Poacher turned gamekeeper wrote:
Apologies for the late reply but I dont have much time of late.
The point is that the 'commercial realities' (as one poster calls them) that underpin the reasoning behind seeking to deplete wages in the unionised labour sector are nonsense. They do not exist. As is quite obvious from recent events there is no commercial requirement for the implementation of austerity measures. Neither is there any real requirement to cut costs across the public sector other than in an attempt to satisfy a quasi-Thatcherite ideological bias that advocates on behalf of the 1% who run the planet.
Indeed, given that the primary requirement of what are deemed high public sector wages is basically to afford shelter in a rigged housing market, and given the following posted on the Pin yesterday....
There's no requirement to cut costs - but we aren't talking about cutting costs. We're talking about increasing the wage bill by some 10%+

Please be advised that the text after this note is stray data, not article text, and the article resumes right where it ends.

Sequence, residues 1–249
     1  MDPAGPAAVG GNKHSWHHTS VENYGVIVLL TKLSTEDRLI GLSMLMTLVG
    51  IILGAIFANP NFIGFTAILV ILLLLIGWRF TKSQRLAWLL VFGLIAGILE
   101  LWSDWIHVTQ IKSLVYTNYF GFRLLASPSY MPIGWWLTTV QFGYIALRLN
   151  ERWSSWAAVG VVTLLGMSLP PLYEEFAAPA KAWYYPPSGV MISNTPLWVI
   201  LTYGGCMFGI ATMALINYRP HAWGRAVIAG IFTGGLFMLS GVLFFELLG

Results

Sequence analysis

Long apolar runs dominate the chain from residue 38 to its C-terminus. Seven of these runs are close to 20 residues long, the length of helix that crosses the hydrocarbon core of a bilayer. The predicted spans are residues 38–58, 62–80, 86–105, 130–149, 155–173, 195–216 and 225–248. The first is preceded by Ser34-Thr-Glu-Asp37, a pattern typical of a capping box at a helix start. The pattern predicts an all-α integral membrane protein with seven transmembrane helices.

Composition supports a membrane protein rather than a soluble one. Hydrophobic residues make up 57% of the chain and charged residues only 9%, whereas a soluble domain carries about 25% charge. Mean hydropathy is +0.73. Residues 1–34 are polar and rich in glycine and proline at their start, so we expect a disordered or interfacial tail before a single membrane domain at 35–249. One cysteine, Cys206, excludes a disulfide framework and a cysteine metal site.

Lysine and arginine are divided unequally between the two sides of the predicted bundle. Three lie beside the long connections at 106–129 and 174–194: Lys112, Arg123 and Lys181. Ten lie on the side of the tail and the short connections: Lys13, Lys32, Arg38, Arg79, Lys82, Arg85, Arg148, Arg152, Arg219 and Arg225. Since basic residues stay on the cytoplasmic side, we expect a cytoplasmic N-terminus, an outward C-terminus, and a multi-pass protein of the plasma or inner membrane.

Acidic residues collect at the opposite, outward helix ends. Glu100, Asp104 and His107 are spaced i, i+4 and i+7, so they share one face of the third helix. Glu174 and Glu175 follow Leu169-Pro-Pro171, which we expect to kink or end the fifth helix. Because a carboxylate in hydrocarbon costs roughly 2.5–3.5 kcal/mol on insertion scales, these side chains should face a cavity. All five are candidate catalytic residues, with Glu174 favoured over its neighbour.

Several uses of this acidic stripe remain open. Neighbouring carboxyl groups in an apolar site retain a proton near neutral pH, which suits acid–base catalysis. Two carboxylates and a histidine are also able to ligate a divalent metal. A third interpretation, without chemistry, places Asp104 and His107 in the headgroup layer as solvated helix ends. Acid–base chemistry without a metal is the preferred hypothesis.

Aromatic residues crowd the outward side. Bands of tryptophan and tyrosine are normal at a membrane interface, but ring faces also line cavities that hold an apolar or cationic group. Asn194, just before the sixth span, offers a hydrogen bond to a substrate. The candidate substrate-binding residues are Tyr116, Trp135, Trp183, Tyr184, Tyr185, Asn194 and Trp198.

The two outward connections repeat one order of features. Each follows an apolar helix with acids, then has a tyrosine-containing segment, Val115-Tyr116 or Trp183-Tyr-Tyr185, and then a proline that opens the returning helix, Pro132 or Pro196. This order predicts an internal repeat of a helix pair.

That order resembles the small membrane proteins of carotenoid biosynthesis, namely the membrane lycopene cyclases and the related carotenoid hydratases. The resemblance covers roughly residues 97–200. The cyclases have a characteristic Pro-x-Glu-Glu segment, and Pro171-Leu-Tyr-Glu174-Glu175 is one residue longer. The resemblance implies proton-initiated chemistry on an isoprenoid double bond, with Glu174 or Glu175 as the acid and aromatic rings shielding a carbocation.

I do have sympathy for the drivers, in that housing costs spiralling have meant that the flat CPI index is actually not really all that helpful a gauge - living costs have risen. BUT this is an appalling way (big picture) of dealing with that. We should be concentrating on keeping costs of living down, not increasing wages, but the unions are an 800lb gorilla pushing in the opposite direction.
Ultimately it's other low skilled workers who will lose out long term, while we all lose out short term.
(For my part I have to travel between 3 or 4 venues for work most days, and the bus strike is directly impacting my ability to make a living - time in transit goes through the roof, so my normal "downtime", where I get deep work done, disappears. All I can do on those days is keep things ticking over, rather than actually making any real progress).